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Richard Hammond (vibraphone) MMus Major Creative Project Recital
A familiar figure in and around the music department in Armstrong Building, Newcastle University, a youthful Richard Hammond, with carefully cultivated unruly mop-top, took to the stage in front of a full house. The folk glitterati were out in force (a superstar of the scene took her seat), Hammond was about to play a folk set. The improvised element did materialise, due in no small part to the virtuosic skills of his band mates. Vibraphone, not your regular folk instrument, took centre stage. To Hammond’s left, Callum Younger sat with bohdrán, a bearded rhythm master. The examinee’s presentation Room to grow: An exploration of improvisation and ‘free’ music within folk styles embraced the five string fiddler Robbie Sherratt (improvising for the Gaelic Isles), Alasdair Paul (bouzouki) and a couple of familiar faces – Jessica Bates (piano) and Mercedes Phillips (soprano sax). Ten or so tunes in three quarters of an hour, some of them Hammond compositions, others an eclectic mix including Michael ‘Snarky Puppy’ League’s Shofukan. Hammond referred to jazz players’ abilities to improvise and reharmonise and this has informed his studies. Using four mallets, Hammond’s writing skills opened-up tunes enabling the collective to improvise chorus upon chorus. The audience showed its appreciation. Another success at the Jazz Café.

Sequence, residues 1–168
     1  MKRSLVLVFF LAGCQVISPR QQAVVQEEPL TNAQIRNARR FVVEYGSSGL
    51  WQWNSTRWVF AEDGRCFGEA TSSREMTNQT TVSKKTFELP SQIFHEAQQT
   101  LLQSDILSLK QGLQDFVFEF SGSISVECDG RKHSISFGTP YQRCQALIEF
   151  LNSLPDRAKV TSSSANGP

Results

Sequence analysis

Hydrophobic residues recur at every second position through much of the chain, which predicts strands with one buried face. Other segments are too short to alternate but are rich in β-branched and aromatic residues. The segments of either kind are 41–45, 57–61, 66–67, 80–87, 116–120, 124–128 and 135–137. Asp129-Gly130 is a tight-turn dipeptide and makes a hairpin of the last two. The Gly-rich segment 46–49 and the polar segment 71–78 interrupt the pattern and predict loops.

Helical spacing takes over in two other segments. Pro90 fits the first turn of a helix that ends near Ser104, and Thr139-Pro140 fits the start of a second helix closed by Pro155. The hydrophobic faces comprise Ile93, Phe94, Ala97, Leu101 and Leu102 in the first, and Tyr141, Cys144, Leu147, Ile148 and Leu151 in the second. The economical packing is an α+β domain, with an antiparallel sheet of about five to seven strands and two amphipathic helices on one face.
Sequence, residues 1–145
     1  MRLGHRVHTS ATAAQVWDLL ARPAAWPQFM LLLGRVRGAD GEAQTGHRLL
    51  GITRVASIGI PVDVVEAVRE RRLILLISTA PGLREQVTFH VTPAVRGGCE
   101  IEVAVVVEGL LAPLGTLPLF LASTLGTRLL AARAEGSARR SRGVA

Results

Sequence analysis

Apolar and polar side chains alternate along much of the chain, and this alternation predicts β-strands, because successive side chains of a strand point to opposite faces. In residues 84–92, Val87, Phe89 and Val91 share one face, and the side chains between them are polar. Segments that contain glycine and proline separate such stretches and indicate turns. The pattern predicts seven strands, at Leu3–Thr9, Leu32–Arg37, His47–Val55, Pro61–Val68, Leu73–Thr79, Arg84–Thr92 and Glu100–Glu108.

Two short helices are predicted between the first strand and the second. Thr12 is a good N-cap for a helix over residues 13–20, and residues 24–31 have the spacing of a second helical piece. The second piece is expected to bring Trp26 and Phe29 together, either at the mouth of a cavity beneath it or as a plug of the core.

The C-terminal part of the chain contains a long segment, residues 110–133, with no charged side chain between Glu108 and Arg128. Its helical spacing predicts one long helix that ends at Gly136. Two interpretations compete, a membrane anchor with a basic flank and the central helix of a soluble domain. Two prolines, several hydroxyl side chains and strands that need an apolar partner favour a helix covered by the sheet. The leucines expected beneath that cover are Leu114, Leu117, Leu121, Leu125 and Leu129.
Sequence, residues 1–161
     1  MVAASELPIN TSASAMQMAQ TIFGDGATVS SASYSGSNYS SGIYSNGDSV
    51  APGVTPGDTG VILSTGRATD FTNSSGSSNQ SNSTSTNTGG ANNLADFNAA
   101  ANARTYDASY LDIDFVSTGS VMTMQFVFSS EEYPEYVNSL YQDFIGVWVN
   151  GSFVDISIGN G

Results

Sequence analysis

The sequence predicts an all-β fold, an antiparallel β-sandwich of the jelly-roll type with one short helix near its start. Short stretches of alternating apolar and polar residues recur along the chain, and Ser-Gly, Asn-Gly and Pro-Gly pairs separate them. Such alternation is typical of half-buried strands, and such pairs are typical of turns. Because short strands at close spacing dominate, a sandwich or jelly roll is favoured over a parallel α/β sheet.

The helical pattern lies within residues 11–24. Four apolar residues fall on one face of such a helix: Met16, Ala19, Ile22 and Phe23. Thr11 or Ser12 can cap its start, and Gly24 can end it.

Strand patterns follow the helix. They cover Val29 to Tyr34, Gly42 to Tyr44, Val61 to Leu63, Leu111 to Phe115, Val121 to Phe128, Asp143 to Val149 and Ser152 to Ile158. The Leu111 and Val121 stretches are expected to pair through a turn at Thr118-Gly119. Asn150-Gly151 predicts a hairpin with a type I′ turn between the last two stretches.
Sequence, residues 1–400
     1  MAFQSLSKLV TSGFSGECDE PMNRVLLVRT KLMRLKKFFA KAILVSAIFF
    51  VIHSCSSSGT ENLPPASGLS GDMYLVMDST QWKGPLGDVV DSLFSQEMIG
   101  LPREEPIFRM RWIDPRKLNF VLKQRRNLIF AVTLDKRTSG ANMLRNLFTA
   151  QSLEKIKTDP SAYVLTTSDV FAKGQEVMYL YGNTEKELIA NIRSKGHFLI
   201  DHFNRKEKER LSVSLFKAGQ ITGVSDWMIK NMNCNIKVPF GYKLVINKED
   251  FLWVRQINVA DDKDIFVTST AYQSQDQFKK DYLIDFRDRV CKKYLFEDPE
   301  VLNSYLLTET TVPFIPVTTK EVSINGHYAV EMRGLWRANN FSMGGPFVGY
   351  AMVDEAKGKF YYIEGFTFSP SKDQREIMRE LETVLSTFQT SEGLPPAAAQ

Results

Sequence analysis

Hammond’s band: Jessica Bates (piano), Alasdair Paul (bouzouki),  
Mercedes Phillips (soprano sax), Robbie Sherratt (fiddle), Callum Younger (bohdrán).
Russell.

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Whilst we appreciate the many emails, texts, messages and other communications we receive requesting album/gig reviews on BSH, regrettably, we are unable to reply to them all other than those we are able to answer with a positive response.
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Lance

About this blog - contact details.

Bebop Spoken Here -- Here, being the north-east of England -- centred in the blues heartland of Newcastle and reaching down to the Tees Delta and looking upwards to the Land of the Kilt.
Not a very original title, I know; not even an accurate one as my taste, whilst centred around the music of Bird and Diz, extends in many directions and I listen to everything from King Oliver to Chick Corea and beyond. Not forgetting the Great American Songbook the contents of which has provided the inspiration for much great jazz and quality popular singing for round about a century.
The idea of this blog is for you to share your thoughts and pass on your comments on discs, gigs, jazz - music in general. If you've been to a gig/concert or heard a CD that knocked you sideways please share your views with us. Tell us about your favourites, your memories, your dislikes.
Lance (Who wishes it to be known that he is not responsible for postings other than his own and that he's not always responsible for them.)
Contact: lanceliddle@gmail.com I look forward to hearing from you.